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Brookhhaven National Laboratory and (Shhh…!) Radioactive Contamination

Posted on February 4, 2016

A class action lawsuit begun 20 years ago charging Brookhaven National Laboratory, an offshoot of America’s atomic bomb-building Manhattan Project, with contaminating communities adjacent to it will be moving ahead this month.

After World War II there was a push in the United States to build upon the secret government laboratories involved in the Manhattan Project crash program to build atomic bombs. A drive was on to develop other uses of nuclear technology and perpetuating the atomic establishment created during the war on which $2 billion was spent and 125,000 employed. .

Also, elite Northeast U.S. universities, such as Harvard, Yale and Princeton, were not involved during the war in the Manhattan Project. Concerned about coastal invasion, the U.S. kept Manhattan Project facilities inland. A key facility, Los Alamos Laboratory with the University of California its manager, rose in New Mexico, for example.

Brookhaven National Laboratory (BNL) was set up on Long Island, New York in 1947 by the U.S. Atomic Energy Commission (AEC), an entity the Manhattan Project morphed into. Its missions were atomic research and developing nuclear technology for civilian purposes—particularly nuclear power plants. It would be managed by Harvard, Yale and Princeton, among other universities, on a former Army base, Camp Upton, 67 miles east of Manhattan.

As BNL literature states: “At the end of World War II, the need was seen to continue the teamwork of Government and scientific institutions that had proven effective in wartime work in order to ensure the continued progress of nuclear science in peacetime. The wartime programs under the Manhattan [Project] District had given rise to centers of research and nuclear science that continue to be active…but no similar center had been developed in the Northeast…The establishment of a new laboratory near New York City was therefore proposed. As a result, Brookhaven National Laboratory was founded.”

This happened despite Long Island being one of the few well-populated areas of the U.S. dependent on an underground water for potable water. Thus, BNL nuclear facilities would be built on this sole-source aquifer. And, it was done despite the surrounding population.

The result: a radioactive mess at BNL involving Long Island water and serious health impacts on people in the communities near BNL.

The class action lawsuit charges the “actions of the defendant were grossly, recklessly and wantonly negligent and done with an utter disregard for the health, safety, well-being and rights of the plaintiffs.” It accuses BNL of “failure to observe accepted industry standards in the use, storage and disposal of hazardous and toxic substances” and BNL itself of being “improperly located on top of an underground aquifer which supplies drinking water to [a] large number of persons.”

The defendant is Associated Universities, Inc. which managed BNL first for the AEC and then for the agency that succeeded it, the U.S. Department of Energy (DOE).

Associated Universities—which continues with other U.S. government contracts—is composed of Harvard, Yale, Princeton, Columbia, Cornell and Johns Hopkins Universities, University of Pennsylvania and University of Rochester and Massachusetts Institute of Technology.

Its management of BNL ended in 1998 when it was fired by the DOE because of widespread contamination at BNL and DOE’s determination that Associated Universities was a bad overseer of BNL operations. Two nuclear reactors at BNL were found to have been leaking radioactive tritium into Long Island’s underground water table for many years. BNL management was then switched to a partnership of Long Island’s Stony Brook University and Battelle Memorial Institute of Ohio.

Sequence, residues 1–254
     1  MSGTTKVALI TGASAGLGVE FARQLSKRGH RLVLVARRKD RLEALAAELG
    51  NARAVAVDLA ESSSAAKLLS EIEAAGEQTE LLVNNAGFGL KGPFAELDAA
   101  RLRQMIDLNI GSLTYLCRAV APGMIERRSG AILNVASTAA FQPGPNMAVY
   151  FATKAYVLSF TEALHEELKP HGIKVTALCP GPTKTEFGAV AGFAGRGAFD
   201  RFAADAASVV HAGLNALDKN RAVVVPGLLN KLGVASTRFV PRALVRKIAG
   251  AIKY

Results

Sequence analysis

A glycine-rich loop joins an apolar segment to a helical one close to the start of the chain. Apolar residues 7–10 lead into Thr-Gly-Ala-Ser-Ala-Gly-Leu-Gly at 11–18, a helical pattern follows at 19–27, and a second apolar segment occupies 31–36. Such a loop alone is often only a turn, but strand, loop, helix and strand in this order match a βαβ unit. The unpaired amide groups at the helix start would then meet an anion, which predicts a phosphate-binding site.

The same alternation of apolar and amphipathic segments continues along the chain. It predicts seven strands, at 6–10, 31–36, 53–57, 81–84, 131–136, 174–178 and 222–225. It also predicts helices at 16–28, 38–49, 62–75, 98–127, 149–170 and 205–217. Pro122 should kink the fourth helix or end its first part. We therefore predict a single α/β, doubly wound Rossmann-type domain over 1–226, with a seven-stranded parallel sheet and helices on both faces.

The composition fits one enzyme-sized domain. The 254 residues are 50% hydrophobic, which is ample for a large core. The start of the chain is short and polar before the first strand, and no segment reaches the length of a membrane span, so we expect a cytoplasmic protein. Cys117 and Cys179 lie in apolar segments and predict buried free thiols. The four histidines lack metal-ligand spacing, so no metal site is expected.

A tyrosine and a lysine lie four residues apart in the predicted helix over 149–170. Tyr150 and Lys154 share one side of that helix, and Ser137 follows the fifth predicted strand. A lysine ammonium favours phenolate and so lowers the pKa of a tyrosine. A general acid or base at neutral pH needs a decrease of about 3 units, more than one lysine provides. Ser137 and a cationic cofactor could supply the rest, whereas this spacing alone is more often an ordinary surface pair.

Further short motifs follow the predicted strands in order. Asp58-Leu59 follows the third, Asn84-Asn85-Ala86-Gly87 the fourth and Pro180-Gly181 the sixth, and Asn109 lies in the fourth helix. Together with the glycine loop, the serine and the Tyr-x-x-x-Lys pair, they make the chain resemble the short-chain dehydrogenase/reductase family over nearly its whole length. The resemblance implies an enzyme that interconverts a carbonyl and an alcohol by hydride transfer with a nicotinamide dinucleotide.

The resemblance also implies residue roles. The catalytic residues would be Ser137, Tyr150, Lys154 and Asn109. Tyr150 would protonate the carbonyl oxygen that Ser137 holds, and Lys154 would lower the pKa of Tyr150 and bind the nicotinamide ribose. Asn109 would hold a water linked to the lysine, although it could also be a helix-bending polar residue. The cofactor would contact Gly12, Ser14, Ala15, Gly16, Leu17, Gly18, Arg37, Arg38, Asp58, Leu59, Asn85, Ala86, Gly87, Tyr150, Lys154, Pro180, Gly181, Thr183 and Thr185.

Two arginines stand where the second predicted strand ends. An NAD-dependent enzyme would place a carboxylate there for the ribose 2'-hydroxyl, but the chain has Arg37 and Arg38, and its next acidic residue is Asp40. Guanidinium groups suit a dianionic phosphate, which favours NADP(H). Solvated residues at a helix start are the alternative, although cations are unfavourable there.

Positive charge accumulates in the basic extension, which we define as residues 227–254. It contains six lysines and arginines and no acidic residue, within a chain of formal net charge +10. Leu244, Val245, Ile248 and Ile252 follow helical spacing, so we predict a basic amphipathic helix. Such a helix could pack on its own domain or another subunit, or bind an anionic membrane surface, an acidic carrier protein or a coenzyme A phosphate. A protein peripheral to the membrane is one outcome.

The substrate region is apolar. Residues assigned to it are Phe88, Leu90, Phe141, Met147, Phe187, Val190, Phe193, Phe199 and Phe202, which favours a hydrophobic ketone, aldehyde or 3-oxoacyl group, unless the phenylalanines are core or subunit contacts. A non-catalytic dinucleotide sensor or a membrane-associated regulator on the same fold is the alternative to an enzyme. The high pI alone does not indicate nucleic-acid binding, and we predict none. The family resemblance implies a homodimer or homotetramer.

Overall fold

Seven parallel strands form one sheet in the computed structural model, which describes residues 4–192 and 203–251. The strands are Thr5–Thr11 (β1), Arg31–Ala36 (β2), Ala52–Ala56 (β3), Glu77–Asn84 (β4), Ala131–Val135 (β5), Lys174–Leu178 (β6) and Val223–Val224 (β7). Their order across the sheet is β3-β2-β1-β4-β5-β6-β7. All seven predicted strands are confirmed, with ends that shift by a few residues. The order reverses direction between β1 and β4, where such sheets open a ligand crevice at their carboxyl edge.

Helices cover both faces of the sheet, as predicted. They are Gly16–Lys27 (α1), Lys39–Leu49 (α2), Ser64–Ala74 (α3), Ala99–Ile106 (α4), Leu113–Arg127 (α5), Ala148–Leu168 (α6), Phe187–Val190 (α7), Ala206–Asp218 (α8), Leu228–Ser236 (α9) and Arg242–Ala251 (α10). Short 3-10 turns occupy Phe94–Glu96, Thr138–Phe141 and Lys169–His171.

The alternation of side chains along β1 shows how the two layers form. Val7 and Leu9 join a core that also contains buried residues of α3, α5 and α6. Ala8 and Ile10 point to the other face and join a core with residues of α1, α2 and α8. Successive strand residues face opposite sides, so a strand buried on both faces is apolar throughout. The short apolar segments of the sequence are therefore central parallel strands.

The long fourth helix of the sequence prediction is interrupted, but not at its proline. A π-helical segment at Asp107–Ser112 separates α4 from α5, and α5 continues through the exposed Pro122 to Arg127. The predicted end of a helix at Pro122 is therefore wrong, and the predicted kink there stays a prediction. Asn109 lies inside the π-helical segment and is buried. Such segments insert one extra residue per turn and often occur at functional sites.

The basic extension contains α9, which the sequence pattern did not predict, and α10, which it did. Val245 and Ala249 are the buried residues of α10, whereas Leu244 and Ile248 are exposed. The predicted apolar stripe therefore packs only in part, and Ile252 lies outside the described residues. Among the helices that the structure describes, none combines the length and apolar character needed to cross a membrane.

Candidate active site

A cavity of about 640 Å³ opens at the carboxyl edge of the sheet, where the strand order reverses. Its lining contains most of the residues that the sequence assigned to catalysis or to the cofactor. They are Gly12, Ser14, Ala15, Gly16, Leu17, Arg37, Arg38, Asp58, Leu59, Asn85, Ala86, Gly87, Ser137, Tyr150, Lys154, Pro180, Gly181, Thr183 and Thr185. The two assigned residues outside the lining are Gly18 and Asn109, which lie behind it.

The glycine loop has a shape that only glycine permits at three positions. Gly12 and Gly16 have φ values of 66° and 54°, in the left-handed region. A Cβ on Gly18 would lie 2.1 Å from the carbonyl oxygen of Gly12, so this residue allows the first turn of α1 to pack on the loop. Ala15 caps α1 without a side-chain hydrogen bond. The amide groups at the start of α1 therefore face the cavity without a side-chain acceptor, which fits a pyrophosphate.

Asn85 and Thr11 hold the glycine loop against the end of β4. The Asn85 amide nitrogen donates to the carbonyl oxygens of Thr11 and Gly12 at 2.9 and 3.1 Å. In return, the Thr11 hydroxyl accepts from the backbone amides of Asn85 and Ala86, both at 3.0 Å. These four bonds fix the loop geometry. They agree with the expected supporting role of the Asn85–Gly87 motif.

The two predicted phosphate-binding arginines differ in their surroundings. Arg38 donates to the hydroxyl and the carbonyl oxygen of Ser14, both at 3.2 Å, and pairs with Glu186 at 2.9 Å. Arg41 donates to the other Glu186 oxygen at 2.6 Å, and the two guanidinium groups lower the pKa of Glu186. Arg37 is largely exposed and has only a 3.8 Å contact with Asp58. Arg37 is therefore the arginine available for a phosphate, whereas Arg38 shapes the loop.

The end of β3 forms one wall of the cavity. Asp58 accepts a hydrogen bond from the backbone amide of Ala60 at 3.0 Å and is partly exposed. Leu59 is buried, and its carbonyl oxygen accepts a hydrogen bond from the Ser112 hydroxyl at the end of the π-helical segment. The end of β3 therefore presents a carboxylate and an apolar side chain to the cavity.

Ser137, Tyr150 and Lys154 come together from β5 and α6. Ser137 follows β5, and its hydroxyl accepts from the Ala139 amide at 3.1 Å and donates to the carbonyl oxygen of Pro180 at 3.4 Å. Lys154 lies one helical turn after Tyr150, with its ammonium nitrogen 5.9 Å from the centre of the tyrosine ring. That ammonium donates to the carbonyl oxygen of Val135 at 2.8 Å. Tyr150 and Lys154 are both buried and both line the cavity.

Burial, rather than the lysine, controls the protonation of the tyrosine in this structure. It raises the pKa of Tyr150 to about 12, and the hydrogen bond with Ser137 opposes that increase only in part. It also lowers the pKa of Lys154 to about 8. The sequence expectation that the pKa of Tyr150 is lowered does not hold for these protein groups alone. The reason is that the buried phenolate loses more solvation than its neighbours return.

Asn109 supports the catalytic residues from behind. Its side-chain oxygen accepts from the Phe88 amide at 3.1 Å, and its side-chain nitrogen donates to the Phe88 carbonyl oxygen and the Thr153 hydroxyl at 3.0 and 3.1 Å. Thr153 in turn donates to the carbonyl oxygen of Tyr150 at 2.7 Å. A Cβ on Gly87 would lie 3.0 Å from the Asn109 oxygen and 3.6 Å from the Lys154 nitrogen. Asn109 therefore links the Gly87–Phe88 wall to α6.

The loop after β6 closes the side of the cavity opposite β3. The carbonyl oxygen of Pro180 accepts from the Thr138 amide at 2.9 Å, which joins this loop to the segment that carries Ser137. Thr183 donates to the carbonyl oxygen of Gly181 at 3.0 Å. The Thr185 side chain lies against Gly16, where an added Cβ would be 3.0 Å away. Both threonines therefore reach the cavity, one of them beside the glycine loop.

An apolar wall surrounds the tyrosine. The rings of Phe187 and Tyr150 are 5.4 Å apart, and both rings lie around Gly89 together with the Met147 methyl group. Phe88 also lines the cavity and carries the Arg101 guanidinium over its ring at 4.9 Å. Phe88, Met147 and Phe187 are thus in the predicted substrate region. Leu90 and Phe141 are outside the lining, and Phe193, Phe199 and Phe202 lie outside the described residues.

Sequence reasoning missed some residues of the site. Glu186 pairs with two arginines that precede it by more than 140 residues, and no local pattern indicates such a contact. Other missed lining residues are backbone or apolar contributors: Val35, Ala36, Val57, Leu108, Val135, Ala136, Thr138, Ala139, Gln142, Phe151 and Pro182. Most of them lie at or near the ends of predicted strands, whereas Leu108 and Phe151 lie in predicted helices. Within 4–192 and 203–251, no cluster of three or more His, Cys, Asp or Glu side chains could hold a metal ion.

Radioactive contamination caused by BNL is documented in the 2008 book “Welcome to Shirley: A Memoir from an Atomic Town” and an award-winning 2012 documentary “The Atomic States of America.”

Since it was first brought in 1996, the lawsuit has gone back and forth between the New York State Supreme Court and the Appellate Division, the judicial panel over the Supreme Court in York.

BNL lawyers have used delaying tactics—apparently in the hope that the “class” of those suing as victims, originally 21 families, would be reduced. But only one person has died and now the “class” has grown to 180 persons suing.

In July the Appellate Division ruled the case can move towards trial. It declared that “the causes of action of the proposed intervenors are all based upon common theories of liability.”

But, outrageously, the four Appellate Division judges ruled that radioactive contamination caused by BNL can no longer be part of the case. They accepted the argument of lawyers for BNL that, as they put it in their July decision, “the nuclear radiation emitted by BNL did not exceed guidelines promulgated by the federal Nuclear Regulatory Commission.” Thus the plaintiffs will now only be able to sue for other forms of BNL pollution, mainly chemical.

The U.S. Nuclear Regulatory Commission (NRC) was the other agency in addition to the DOE that the AEC was split into after the U.S. Congress in 1974 eliminated the AEC for having a conflict of interest in being as both a promoter and regulator of nuclear power. The promotion role was given to the DOE, the regulatory role to the NRC. However, the NRC has continued to boost nuclear power. It, like the AEC, for instance, has never denied a construction or operating license for any nuclear plant anywhere, anytime in the U.S.

Moreover, the BNL radioactive pollution will not be allowed to be considered despite the U.S. government in recent years paying out millions of dollars to BNL employees in compensation for their getting cancer after exposure to radioactivity at BNL. Also, families of BNL workers who died from cancer after exposure to radioactivity have been paid. The pay-outs to former workers and their families for cancer from BNL radioactive exposure—what neighbors of the lab are now being barred from litigating about—come under the U.S. government’s “Energy Employees Occupational Illness Compensation Program.”